Lisp - exotic taxis

    When, when I was still at university, I had to write small educational assignments in the Lisp language. This language is quite interesting, and differs practically from everything that developers use in their work today ... well, I passed the workshop and, as they say, forgot.
    ... but yesterday, after seeing the post, I allowed myself to indicate to the author that, in my opinion, the problem of Lisp is not in the absence of libraries, and the lack of libraries follows from the problems of Lisp-a itself - very poor readability of the software code that makes it very difficult to develop large programs.

    Not one of the people who likes holiory, but the explosive debate amused me very much =), so I decided to quote specialists on this exotic and big programming gurus.

    Well, with my comments, of course.

    Nothing personal, just funny.

    In Lisp, the main emphasis is on OOP (CLOS - a powerful object system), on the construction of abstractions of various levels, in a powerful base language.

    In my free translation - “They did it, it turned out the plane”

    HTML and Java are very easy to compare. More precisely, you can compare XML and Java. XML encoded the logic of Ant's Java program, which it interprets.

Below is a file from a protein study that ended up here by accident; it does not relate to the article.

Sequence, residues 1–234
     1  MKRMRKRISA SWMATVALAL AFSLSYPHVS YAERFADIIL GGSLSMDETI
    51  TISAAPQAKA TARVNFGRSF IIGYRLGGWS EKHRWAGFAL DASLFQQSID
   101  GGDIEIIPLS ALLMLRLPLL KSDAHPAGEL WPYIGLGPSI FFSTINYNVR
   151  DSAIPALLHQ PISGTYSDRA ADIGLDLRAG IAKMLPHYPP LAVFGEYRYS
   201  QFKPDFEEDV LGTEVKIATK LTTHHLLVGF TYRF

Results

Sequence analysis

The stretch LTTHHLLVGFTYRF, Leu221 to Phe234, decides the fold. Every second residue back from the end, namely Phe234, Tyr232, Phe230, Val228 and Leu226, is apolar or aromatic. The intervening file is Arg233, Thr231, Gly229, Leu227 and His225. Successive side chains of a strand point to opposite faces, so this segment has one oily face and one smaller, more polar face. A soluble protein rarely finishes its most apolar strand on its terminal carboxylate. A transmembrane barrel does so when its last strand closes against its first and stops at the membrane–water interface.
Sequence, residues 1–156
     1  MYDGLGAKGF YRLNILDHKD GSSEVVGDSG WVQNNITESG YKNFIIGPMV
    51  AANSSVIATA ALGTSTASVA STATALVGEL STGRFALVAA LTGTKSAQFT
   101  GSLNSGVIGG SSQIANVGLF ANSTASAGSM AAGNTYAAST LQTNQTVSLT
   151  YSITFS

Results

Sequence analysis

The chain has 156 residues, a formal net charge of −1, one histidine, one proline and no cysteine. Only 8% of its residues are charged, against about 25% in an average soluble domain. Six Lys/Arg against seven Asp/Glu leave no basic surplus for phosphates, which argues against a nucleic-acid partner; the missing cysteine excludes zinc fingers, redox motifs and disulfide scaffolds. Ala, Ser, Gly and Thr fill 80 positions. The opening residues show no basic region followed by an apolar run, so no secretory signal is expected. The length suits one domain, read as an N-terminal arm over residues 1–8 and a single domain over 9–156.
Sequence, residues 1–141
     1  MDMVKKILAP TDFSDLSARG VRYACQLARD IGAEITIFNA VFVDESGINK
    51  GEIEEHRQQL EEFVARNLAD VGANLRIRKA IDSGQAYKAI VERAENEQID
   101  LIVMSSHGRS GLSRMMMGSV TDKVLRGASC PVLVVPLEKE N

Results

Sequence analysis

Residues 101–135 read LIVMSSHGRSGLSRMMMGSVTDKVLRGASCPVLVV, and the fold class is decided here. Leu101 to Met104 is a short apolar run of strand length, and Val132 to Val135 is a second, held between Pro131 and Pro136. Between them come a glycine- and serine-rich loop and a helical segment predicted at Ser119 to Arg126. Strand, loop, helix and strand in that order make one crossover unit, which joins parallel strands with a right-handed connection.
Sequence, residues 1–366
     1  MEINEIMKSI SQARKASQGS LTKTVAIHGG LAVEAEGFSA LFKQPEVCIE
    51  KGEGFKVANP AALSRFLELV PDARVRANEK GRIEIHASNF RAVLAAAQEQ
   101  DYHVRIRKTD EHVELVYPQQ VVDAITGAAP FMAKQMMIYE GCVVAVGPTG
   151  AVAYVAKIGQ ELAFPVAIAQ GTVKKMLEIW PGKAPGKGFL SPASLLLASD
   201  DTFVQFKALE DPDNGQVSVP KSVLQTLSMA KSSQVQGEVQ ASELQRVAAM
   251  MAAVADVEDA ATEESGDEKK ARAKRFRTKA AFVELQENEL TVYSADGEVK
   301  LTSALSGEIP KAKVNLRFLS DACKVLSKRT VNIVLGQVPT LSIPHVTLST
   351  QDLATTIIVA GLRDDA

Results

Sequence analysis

Not only logic is encoded, but also the soul, patriotism and morality of the Java program!

    On the contrary, the use of Lisp allows this unrealistic complexity, which traditional approaches (the same OOP *) can not cope with.

    Everyone urgently needs to get out of recursion! We can’t cope with complexity!

    You will probably be surprised, but the most common SDK in the world is Emacs.

    And I thought Borland Delphi ... =)

    The possibility of Lisp, which allows you to deal with the complexity of large systems (against which, as practice has already shown, the OOP approach is powerless) is the ability to create multilayer loosely coupled systems through problem-oriented programming (primarily based on macros) ...

    So they did not explain what loosely coupled systems are.

    ... and not tied to the need to fence in the hierarchy of polymorphism classes .

    No comment

    In a nutshell, what I wanted to say: if you do not create hierarchies, then there will be no polymorphism in OOP.

    As ordered by Comrade Captain!

    Loosely coupled systems are not science fiction. Unix is ​​built on this principle (to some extent).

    Just still do not know who they are ...

    polymorphism in OO languages ​​(read C ++, Java) does not exist separately from inheritance ...
    ... If an OO language refuses the concept of inheritance, then it loses polymorphism as well.

    First, first, I lose your polymorphism !!!

    In short, whatever one may say, the whole polymorphism is created by creating new classes.

    In OOP, everything is created by creating new classes =)

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